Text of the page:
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Green Steel: Coal-Free Innovation in the Auto Industry

Updated: Nov 16, 2021

Emily Davies explores the use of ground-breaking ‘green steel’ in car manufacturing.

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Photo by Louis Tricot

Car manufacturing companies are beginning to recognise the value of using ‘green steel’ in their vehicle production, including Volvo, Mercedes-Benz and Volkswagen.

‘Green steel’ is a newly-developed alternative to the original metal, using electricity and hydrogen power to generate the widely-used alloy rather than coal, which was previously necessary to complete its production.

Revolutionising Car Manufacture

This year, several car production companies have announced intentions to make the manufacturing of their vehicles more environmentally-friendly by beginning to use green steel to form the body of their vehicles.

In March 2021, Volkswagen announced plans to produce electric cars with a carbon-neutral value chain, and shortly after, in April 2021, it was announced that Volvo and steel company SSAB signed a collaboration agreement to pursue vehicles made from fossil fuel-free steel. This September, Mercedes-Benz also launched a partnership with SSAB to use green steel in its vehicle production, hoping that its new passenger car fleet will be carbon neutral by 2039.

The steel company SSAB wants to supply the market with green steel at a commercial scale by 2026, and is part of a partnership with power company Vattenfall and Swedish miner LKAB in the hope of doing so. They have formed HYBRIT (Hydrogen Breakthrough Ironmaking Technology), one of the leaders in zero-carbon steel technology.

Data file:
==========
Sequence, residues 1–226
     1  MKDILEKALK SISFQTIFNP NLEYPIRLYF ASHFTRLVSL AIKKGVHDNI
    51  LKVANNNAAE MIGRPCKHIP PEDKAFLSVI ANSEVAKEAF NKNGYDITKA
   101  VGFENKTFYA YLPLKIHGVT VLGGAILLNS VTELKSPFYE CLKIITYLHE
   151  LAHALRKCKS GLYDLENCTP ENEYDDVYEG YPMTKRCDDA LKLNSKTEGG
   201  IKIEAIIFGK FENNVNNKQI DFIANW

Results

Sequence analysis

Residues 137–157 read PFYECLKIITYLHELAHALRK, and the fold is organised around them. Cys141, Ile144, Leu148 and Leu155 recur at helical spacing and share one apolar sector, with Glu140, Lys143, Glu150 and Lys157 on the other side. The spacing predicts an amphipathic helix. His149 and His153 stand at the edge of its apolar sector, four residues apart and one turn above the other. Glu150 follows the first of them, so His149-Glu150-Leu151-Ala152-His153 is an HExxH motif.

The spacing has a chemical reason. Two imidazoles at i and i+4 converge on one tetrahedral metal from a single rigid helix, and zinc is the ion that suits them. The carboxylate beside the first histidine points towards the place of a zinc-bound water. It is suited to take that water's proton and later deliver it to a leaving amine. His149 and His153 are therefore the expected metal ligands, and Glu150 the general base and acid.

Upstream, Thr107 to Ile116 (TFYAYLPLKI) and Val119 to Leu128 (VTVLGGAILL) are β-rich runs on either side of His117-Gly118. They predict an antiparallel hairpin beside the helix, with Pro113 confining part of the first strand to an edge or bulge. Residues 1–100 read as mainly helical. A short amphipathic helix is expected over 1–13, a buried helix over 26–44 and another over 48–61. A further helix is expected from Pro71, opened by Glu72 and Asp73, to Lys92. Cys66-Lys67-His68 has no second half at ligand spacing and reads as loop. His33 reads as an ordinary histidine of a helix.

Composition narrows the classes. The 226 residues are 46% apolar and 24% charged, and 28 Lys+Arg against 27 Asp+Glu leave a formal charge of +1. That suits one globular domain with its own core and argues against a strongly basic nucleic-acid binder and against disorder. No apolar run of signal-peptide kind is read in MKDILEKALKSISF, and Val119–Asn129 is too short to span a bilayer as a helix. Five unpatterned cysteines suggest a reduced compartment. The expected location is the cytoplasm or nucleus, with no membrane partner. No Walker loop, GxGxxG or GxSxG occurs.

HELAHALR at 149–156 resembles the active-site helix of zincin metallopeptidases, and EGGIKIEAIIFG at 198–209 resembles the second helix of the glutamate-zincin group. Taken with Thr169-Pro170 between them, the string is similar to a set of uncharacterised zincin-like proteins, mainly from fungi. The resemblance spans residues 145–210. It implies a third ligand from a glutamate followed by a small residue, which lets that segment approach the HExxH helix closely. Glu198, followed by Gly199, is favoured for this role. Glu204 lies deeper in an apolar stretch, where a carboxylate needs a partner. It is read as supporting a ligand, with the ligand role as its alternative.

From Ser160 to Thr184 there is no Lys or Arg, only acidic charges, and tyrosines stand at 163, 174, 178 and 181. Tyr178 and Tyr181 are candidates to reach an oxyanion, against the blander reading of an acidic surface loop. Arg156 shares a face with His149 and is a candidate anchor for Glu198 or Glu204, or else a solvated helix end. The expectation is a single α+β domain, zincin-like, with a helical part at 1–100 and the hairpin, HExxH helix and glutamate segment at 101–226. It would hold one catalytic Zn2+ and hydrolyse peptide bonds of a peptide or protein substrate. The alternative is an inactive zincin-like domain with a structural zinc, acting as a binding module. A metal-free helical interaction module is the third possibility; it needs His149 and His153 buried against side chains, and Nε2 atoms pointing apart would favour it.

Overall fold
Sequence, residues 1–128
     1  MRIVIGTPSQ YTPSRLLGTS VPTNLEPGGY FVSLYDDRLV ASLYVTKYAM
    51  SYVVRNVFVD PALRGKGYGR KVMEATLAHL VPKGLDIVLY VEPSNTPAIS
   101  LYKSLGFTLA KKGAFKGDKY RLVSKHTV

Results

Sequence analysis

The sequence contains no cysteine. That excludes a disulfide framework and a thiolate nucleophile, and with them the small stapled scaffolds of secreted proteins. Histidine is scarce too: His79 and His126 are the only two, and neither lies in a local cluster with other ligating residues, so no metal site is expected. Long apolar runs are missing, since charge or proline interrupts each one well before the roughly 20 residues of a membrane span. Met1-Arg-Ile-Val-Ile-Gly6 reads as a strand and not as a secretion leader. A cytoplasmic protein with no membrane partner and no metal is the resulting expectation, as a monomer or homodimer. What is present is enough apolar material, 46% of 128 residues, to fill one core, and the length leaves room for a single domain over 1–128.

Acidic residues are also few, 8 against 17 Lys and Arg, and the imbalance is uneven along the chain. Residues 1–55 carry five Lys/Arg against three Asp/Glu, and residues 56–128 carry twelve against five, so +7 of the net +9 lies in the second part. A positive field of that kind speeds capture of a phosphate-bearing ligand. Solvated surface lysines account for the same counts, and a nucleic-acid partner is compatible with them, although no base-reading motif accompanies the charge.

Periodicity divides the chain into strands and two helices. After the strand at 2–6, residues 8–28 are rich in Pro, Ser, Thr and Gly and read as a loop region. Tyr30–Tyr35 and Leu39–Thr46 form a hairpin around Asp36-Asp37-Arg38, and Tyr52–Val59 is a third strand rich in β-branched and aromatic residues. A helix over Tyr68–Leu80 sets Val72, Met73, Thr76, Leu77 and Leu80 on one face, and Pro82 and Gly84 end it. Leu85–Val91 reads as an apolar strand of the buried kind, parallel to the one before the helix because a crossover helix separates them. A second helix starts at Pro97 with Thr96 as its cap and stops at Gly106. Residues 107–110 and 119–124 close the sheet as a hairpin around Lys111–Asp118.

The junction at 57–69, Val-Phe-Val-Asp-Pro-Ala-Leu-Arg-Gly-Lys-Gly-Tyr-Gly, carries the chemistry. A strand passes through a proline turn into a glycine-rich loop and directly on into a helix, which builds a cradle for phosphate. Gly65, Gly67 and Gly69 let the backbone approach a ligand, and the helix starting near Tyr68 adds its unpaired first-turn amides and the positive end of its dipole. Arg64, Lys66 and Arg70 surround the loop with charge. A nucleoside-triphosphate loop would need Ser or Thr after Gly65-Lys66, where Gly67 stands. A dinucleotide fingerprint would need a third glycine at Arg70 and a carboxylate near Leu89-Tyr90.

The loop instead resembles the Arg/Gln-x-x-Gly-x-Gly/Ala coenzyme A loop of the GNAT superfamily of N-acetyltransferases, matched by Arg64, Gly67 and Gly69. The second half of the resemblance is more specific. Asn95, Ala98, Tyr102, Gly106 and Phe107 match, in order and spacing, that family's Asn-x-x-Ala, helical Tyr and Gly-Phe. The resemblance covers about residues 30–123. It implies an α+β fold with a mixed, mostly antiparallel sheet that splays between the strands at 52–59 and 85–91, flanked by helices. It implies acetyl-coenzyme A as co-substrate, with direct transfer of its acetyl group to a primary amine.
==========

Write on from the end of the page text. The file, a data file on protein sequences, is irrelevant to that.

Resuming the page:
Making Steel Green

The steel industry contributes between 6% to 7% of total global greenhouse gas emissions every year because the process requires such high temperatures, and until recently, only fossil fuels were able to provide the intense energy needed.

However, several methods that try to eliminate coal from the process are currently being piloted, the furthest developed being hydrogen-based direct reduction, whereby iron ore fines are directly converted to liquid, ready to be used in steel, via contact with hydrogen in ionised form.

Another well-known strategy for reducing steel-making emissions is to move from blast furnace production to electric arc furnace production. Still, the Rocky Mountain Institute report clarifies that the electric arc furnace is not a direct substitute as it cannot create steel from pure iron ore. As electric arc furnace production increases, so must the supply of recycled scrap steel to replace the iron ore traditionally used, but there is not currently enough scrap available to fulfil demand. 

The Rocky Mountain Institute brief says that the demand for steel is forecasted to grow steadily from 1700 million tons a year to a staggering 2150 million in 2050. As scrap supply increases over time, it is hoped that the demand increasing for scrap to be used in green steel can be met.

Further, some carbon is still needed for these types of production, but it can be sourced from biomethane or other biogenic carbon sources to bypass this problem. However, sourcing biomass sustainably and at scale would be difficult and would likely still create some fossil fuel emissions, so to make the process entirely, carbon neutral, those emissions would need to be captured and stored. 

Concluding Comments

Seven out of the ten largest steel-producing countries have at least one green steel project currently ongoing, but right now, this effort is concentrated in places which already have ambitious environmental goals, rather than countries which are not yet prioritising environmentalism; even if the most progressive steel companies switched to zero-carbon steel processes, it would only represent 8% of the global steel market. It will be a long while before the entire industry shifts towards the greener alternative.

Although utilising ‘green steel’ is a great method for reducing the emissions of the steel industry, it is not a magic solution. However, the fact that car companies are recognising the consumer appeal of greener products and are adapting to meet this demand is a great start. More investment in environmentally friendly products means there is more money being put into low-emission technology alternatives, which can only be a good thing.


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